The Flexible Permanence Of Copper Tape Circuits
Generally speaking, [Hales] prefers plywood as the substrate to paper or cardboard for durability. He starts by drawing out the circuit and planning where all the tape traces will go and how wide they need to be. Then he lays out copper traces and pads, rubs the tape against the substrate to make it adhere strongly, and reinforces joints and laps with solder before adding the components. As you can see, copper tape circuits can get pretty complicated if you use Kapton tape as insulation between stacked layers of traces.
The Flexible Permanence Of Copper Tape Circuits
Dude, you gave me a nice idea.Re/create a flat cable with stripes of copper cable and (transparent) duct tape.The whole assembly does not need to have the right pitch, only the ends to connect existing things if needed.
In various other experiments I have also used aluminium tape (aluminium foil + double-sided adheseive). It feels almost identical to the copper stuff. I suspect that in this format it is too structurally weak to cut skin, just as normal kitchen foil is.
PCBs can be single-sided (one copper layer), double-sided (two copper layers on both sides of one substrate layer), or multi-layer (outer and inner layers of copper, alternating with layers of substrate). Multi-layer PCBs allow for much higher component density, because circuit traces on the inner layers would otherwise take up surface space between components. The rise in popularity of multilayer PCBs with more than two, and especially with more than four, copper planes was concurrent with the adoption of surface mount technology. However, multilayer PCBs make repair, analysis, and field modification of circuits much more difficult and usually impractical.
Each trace consists of a flat, narrow part of the copper foil that remains after etching. Its resistance, determined by its width, thickness, and length, must be sufficiently low for the current the conductor will carry. Power and ground traces may need to be wider than signal traces. In a multi-layer board one entire layer may be mostly solid copper to act as a ground plane for shielding and power return. For microwave circuits, transmission lines can be laid out in a planar form such as stripline or microstrip with carefully controlled dimensions to assure a consistent impedance. In radio-frequency and fast switching circuits the inductance and capacitance of the printed circuit board conductors become significant circuit elements, usually undesired; conversely, they can be used as a deliberate part of the circuit design, as in distributed-element filters, antennae, and fuses, obviating the need for additional discrete components. High density interconnects (HDI) PCBs have tracks and/or vias with a width or diameter of under 152 micrometers.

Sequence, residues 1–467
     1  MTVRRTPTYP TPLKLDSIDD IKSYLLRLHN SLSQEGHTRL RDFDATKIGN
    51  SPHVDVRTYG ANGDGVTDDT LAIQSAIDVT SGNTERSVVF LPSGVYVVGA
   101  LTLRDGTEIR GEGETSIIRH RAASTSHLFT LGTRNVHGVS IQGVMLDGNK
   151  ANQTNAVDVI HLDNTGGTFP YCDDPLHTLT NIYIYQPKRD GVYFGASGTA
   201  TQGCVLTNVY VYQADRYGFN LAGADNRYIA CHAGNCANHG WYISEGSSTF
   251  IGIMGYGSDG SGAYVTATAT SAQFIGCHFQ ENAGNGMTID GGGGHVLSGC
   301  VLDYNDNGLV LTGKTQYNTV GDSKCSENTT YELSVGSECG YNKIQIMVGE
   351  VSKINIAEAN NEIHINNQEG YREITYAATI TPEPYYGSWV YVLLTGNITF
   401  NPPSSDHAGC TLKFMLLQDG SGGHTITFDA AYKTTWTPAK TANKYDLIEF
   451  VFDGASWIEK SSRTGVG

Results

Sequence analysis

Initially PCBs were designed manually by creating a photomask on a clear mylar sheet, usually at two or four times the true size. Starting from the schematic diagram the component pin pads were laid out on the mylar and then traces were routed to connect the pads. Rub-on dry transfers of common component footprints increased efficiency. Traces were made with self-adhesive tape. Pre-printed non-reproducing grids on the mylar assisted in layout. The finished photomask was photolithographically reproduced onto a photoresist coating on the blank copper-clad boards.
The first step is to replicate the pattern in the fabricator's CAM system on a protective mask on the copper foil PCB layers. Subsequent etching removes the unwanted copper unprotected by the mask. (Alternatively, a conductive ink can be ink-jetted on a blank (non-conductive) board. This technique is also used in the manufacture of hybrid circuits.)
Subtractive methods remove copper from an entirely copper-coated board to leave only the desired copper pattern. The simplest method, used for small-scale production and often by hobbyists, is immersion etching, in which the board is submerged in etching solution such as ferric chloride. Compared with methods used for mass production, the etching time is long. Heat and agitation can be applied to the bath to speed the etching rate. In bubble etching, air is passed through the etchant bath to agitate the solution and speed up etching. Splash etching uses a motor-driven paddle to splash boards with etchant; the process has become commercially obsolete since it is not as fast as spray etching. In spray etching, the etchant solution is distributed over the boards by nozzles, and recirculated by pumps. Adjustment of the nozzle pattern, flow rate, temperature, and etchant composition gives predictable control of etching rates and high production rates. As more copper is consumed from the boards, the etchant becomes saturated and less effective; different etchants have different capacities for copper, with some as high as 150 grams of copper per litre of solution. In commercial use, etchants can be regenerated to restore their activity, and the dissolved copper recovered and sold. Small-scale etching requires attention to disposal of used etchant, which is corrosive and toxic due to its metal content. The etchant removes copper on all surfaces not protected by the resist. "Undercut" occurs when etchant attacks the thin edge of copper under the resist; this can reduce conductor widths and cause open-circuits. Careful control of etch time is required to prevent undercut. Where metallic plating is used as a resist, it can "overhang" which can cause short-circuits between adjacent traces when closely spaced. Overhang can be removed by wire-brushing the board after etching.